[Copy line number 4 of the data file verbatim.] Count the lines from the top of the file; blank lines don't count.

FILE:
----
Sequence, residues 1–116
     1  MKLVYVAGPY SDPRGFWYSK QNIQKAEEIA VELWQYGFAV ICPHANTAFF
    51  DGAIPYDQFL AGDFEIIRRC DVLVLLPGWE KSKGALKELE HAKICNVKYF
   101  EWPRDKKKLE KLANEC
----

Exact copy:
   101  EWPRDKKKLE KLANEC